What is important in the family drama is that this is the US in the 1980s. I’m not good on dating film settings since I don’t recognise changes in motor vehicle designs, so I didn’t know the time period until I learned that Monica’s father had died during the Korean War. I couldn’t discern everything the local bank manager says to Jacob, but he does actually make the statement “Reagan is good for farmers like you”. This is nonsense since Reagonomics was actually very bad for small farmers (the Farm Aid campaign began in 1985 because of the crisis for family farms). The film’s dialogue is in Korean with subtitles for the family conversations. Director Chung doesn’t give us much back story but it would seem that David was certainly born in the US, and we know Monica was born in Korea. A photograph at the end of the film shows a Korean wedding photo, but I don’t know if Anne was born in South Korea. It’s my problem, I suppose but I wanted to know more and this worried me throughout the narrative. The political situation in South Korea up to 1987-8 was very bad but this doesn’t figure in any conversations. Monica’s mother magically appears in Arkansas bringing gifts from ‘home’. Bringing Grandma (the veteran Korean actor Youn Yuh-Jung) into the household is presented as Jacob’s attempt to assuage Monica’s anger at the situation she finds herself in but the biggest impact is actually on David who develops a relationship with his Korean grandmother, at first confrontational but later close and loving. It’s this relationship which arguably earns the film the feelgood label.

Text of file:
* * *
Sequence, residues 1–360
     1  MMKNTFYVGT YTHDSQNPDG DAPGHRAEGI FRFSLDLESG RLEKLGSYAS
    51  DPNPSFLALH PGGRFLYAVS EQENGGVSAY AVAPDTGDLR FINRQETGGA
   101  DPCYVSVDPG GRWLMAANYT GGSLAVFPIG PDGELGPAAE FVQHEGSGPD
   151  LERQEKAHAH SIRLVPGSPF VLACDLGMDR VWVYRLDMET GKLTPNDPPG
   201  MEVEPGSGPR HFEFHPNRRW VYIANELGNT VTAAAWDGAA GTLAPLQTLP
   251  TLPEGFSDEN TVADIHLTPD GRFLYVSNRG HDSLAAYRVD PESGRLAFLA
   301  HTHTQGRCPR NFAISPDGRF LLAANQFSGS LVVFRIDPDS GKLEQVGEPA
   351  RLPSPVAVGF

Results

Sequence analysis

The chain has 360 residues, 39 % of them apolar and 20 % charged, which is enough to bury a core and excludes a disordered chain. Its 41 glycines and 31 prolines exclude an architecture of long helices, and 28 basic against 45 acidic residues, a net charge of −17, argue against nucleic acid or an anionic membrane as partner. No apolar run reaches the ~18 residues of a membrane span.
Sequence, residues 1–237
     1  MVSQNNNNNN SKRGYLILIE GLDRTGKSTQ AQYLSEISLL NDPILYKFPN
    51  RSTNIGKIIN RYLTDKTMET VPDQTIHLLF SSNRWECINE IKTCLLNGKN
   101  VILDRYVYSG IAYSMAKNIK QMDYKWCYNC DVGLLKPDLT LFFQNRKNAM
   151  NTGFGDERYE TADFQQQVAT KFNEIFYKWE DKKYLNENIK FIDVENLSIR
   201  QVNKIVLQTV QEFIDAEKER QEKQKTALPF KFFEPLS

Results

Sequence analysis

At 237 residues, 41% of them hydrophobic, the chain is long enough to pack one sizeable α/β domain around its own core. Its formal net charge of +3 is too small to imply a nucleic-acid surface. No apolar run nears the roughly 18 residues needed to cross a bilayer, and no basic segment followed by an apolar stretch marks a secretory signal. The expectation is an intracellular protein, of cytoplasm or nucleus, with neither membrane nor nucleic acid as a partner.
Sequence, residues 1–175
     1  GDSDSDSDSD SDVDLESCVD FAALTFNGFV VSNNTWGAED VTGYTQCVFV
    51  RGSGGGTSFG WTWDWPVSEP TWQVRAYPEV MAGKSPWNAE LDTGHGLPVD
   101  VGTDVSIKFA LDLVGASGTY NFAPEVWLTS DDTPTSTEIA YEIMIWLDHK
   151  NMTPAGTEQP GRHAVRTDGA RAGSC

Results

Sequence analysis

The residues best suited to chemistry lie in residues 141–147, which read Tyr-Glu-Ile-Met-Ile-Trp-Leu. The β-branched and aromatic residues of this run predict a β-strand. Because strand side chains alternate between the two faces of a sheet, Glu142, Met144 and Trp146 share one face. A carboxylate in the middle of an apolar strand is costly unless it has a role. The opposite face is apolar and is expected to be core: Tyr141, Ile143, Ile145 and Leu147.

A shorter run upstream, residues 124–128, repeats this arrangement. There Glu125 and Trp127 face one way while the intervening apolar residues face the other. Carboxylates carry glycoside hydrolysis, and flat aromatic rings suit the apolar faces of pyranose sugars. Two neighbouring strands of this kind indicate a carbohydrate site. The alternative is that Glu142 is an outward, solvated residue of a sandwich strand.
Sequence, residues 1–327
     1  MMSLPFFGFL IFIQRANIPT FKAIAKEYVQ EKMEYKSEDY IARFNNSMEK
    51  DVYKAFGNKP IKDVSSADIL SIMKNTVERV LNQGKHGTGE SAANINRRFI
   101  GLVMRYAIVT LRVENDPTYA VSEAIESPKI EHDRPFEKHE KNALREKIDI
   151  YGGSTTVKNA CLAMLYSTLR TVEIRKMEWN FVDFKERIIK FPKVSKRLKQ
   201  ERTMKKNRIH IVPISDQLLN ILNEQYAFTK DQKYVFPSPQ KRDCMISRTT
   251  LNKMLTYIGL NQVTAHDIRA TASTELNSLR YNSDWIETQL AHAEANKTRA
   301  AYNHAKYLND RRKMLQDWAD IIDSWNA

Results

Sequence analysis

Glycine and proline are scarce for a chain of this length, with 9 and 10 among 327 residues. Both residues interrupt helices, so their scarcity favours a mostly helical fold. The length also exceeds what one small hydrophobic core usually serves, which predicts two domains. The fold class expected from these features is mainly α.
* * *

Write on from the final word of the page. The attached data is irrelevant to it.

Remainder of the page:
Minari is presented in a CinemaScope format for the photography of Lachlan Milne (who shot Hunt for the Wilderpeople, (New Zealand 2016)) with a score by Emile Mosseri which I didn’t really notice first time round (I find some soundtracks don’t work well online unless you have a home cinema system). It’s certainly a well-made film with strong performances and direction. But what is it really saying? One aspect of the film that will perhaps confuse some UK audiences is the role of religion. The family decide to become members of a local church (which provides a bus for the children). This is the so-called ‘Bible belt’ of the US and the locals seem remarkably friendly. Jacob doesn’t appear to be a believer as such but finds himself employing a local farmhand played by Will Patton, who turns out to be a Korean War veteran and someone so devout he carries his own full size crucifix along the local roads on a Sunday (cf Steve McQueen’s Lovers Rock UK 2020). In an interview, director Chung explains that the Korean migrants to the US in the 1980s were often funded by US Protestant church organisations. He himself was, as a child, part of the local church community but has now begun to feel that: “the church has quite frankly been a harmful thing. There have been times in my own life where I’ve let faith bring out bigotry in me, and I realised that I had to grow and learn and question things”. This interview by Violet Lucca in Sight and Sound, March 2021 is very interesting. (I’m not sure how to deal with the Korean names associated with this film, I usually put the family name first, but this is often reversed in the US. I’m not sure if the family name of the director is ‘Chung’ or ‘Lee’, both common Korean family names.)